An Old 79ther. Barnet, Herts, 1891.


2nd January 1892

The Kilt Denounced.

Sir,—I am surprised that any of your intelligent correspondents should be so far left to themselves as to say anything in favour of that trashy thing they call a kilty dress. All honour to our brave and heroic men who have rendered so much valuable service to Queen and country, but what on earth hae this contemptible thing got to do with it? Nothing more than my granny’s petticoats. Indeed, to me the kilt is well worthy the name of any asylum deserter, or some simpleton who has got a piece of tomfoolery to perform at a puppet show; no doubt the silly kilt might add to the fun considerably. But worse still when we see an old fool strutting along our streets exhibiting his rheumatic knees. We wonder whether he is compos mentis or not. Awake, ye mothers, wives, and sisters, and help us to get this weak-minded rag of a thing banished from the face of the earth, and you will greatly oblige



9th January 1892

The Kilt Defended.

Sir,—I reply to the letter which appeared in your last issue denouncing the kilt, will you kindly allow me space in your valuable paper for these few words in defence of the garb of Old Gaul? The kilt is and was the Highlander’s dress in the North of Scotland until a number of years back. But now I see it condemned by “Hersel’” just as if it was an old useless hencoop lying on a dung heap. He, or she, never saw a right kilt on a fool. His uniform would look more like a woman’s petticoat than a kilt. The noblest dress a person can put on is the kilt, or the Highlander’s dress. Who, then, is the kilt’s enemy? Is it the trousers? No. Is it the breeches? No. Who is it then? He who does not know anything about a kilt or its style.—I am, &c.,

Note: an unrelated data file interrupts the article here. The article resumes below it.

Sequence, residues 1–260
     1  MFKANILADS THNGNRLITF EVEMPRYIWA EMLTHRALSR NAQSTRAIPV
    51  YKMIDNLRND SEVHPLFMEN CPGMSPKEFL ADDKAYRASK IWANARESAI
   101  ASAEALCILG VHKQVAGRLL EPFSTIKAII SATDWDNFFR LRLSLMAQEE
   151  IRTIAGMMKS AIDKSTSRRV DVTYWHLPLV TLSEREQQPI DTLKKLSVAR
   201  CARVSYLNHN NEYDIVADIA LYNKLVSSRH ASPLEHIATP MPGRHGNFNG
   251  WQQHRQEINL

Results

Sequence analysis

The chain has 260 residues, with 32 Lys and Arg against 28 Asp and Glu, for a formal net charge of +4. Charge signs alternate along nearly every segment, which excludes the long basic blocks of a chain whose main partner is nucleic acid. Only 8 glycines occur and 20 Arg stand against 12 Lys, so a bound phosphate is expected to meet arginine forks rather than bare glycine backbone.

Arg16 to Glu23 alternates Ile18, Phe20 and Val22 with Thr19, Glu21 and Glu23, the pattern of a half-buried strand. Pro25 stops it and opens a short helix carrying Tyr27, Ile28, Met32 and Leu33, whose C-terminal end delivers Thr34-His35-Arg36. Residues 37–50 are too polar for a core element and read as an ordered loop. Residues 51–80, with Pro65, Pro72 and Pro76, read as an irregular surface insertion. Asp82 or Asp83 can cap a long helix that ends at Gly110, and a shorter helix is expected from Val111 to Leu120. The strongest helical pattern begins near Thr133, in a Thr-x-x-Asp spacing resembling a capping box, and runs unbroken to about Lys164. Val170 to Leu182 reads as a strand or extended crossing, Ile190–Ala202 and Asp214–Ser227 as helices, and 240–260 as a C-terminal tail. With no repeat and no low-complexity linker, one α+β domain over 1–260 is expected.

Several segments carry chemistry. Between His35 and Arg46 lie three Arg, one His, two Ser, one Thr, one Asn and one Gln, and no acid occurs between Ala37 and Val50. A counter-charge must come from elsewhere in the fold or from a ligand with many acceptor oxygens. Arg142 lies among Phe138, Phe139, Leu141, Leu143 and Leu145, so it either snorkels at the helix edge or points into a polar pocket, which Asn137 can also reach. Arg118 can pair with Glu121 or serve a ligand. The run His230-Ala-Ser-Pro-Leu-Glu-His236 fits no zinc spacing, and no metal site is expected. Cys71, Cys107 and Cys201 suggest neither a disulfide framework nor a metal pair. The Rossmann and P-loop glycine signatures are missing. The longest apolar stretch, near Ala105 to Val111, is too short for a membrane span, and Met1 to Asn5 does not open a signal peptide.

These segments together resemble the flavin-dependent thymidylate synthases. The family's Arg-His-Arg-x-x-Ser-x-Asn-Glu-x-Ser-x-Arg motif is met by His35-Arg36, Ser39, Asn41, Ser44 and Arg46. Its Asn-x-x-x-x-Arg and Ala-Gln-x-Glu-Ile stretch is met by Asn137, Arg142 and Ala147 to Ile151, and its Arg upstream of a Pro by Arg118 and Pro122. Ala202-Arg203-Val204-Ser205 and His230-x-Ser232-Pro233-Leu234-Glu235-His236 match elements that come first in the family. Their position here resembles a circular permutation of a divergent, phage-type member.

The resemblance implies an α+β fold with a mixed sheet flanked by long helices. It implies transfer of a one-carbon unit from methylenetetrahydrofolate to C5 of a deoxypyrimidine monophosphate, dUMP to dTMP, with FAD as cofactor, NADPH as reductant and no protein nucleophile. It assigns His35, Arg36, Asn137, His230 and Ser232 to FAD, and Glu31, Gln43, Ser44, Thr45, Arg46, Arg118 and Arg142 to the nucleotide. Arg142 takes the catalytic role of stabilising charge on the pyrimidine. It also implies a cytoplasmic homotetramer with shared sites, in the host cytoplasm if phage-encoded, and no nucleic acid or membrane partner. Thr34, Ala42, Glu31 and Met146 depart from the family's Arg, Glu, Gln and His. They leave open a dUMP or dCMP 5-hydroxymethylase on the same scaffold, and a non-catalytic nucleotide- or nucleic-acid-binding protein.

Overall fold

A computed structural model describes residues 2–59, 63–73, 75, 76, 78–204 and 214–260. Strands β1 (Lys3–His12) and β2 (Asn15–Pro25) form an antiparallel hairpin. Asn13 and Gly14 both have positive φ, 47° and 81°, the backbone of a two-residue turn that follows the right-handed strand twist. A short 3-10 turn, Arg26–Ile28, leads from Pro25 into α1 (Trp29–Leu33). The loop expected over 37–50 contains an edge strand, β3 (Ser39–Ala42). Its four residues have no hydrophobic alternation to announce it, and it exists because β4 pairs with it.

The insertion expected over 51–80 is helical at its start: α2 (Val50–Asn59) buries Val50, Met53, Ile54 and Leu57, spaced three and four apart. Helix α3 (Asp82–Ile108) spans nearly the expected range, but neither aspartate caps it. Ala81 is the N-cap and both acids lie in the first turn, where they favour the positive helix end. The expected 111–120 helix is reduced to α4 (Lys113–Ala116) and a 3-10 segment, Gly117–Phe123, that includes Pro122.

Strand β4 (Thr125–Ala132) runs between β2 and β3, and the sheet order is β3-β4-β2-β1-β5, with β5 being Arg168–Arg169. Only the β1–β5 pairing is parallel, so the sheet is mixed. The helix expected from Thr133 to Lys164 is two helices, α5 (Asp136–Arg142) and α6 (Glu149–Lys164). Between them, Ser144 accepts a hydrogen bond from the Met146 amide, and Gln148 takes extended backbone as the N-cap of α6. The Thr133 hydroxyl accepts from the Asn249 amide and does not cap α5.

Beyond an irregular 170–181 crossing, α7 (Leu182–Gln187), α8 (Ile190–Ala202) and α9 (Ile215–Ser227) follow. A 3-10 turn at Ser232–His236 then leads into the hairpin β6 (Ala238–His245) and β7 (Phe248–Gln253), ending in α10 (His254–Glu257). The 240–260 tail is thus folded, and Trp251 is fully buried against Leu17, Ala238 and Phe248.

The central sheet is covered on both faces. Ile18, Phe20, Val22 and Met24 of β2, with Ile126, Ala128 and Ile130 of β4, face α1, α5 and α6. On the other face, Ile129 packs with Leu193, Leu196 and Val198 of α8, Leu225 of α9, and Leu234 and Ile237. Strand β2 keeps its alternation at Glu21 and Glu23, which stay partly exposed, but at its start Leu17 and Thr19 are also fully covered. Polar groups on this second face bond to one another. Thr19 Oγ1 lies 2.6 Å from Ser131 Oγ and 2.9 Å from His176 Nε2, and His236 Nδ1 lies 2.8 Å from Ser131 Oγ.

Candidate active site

Geo. M’Phee. Bridgepark, Muir of Ord, 2nd Jan. 1892.


16 January 1892

Kilt v. Breeks.

The Kilt Defended.

Sir,—“Hersel’” must be a right down ignoramus, and surely knows nothing about the kilt dress, or else he would be aware of the fact that when the legs are bare from infancy and exposed to all kinds of weather their muscles are developed and hardened; and moreover, in consequence of the lower part of the body being exposed the whole body is better able to withstand the cold and the inclemency of the weather than one whose trunk and muscles have been wrapped from his childhood in perhaps 2 ins. thick  of the stuff which “Hersel’” grannie’s petticoats were made of. If “Hersel’” is an Englishman, I do not wonder at him calling the kilt a trashy thing, for the simple reason, many of his forefathers quaked on seeing 4 ins. square of the tartan kilt. And if he is a Scot, which I hope he is not, I am bewildered at the insulting tone of his epistle, and would earnestly request him to keep within the shade of his grannie’s petticoats, of which, I have no doubt, he knows more than of the good old Highland garb, which I and every true Scotsman should wear with pride.—I am, &c.,

J. T. Henderson.


Sir,—In the last week’s Journal “Hersel’” has exploded with hatred to the kilt. Such rotten ideas will, I fancy, not get much support North of the Tweed. It is impossible to tell from the signature whether “Hersel’” is a male or a female or a hermaphrodite; but one thing apparent to all your readers is that “Hersel’” has spindle shanks or “scabbit” knees, or some other physical defect which “Hersel’” wishes to hide inside her “trooser.” “Facts are chiels that winna ding,” and one fact is that rheumatic knees is an unknown complaint among habitual wearers of the kilt. “Hersel’” is either joking or is greatly mortified at not being a good model for the kilt. The fable of “The fox and the grapes” can be aplied to this case especially well, I think.—I am, &c.,

Callum Brogach. Kildonan, Sutherland. Continue reading “Correspondence on ‘Kilts v. Breeks’ Part 1 (December and January 1891-1892)”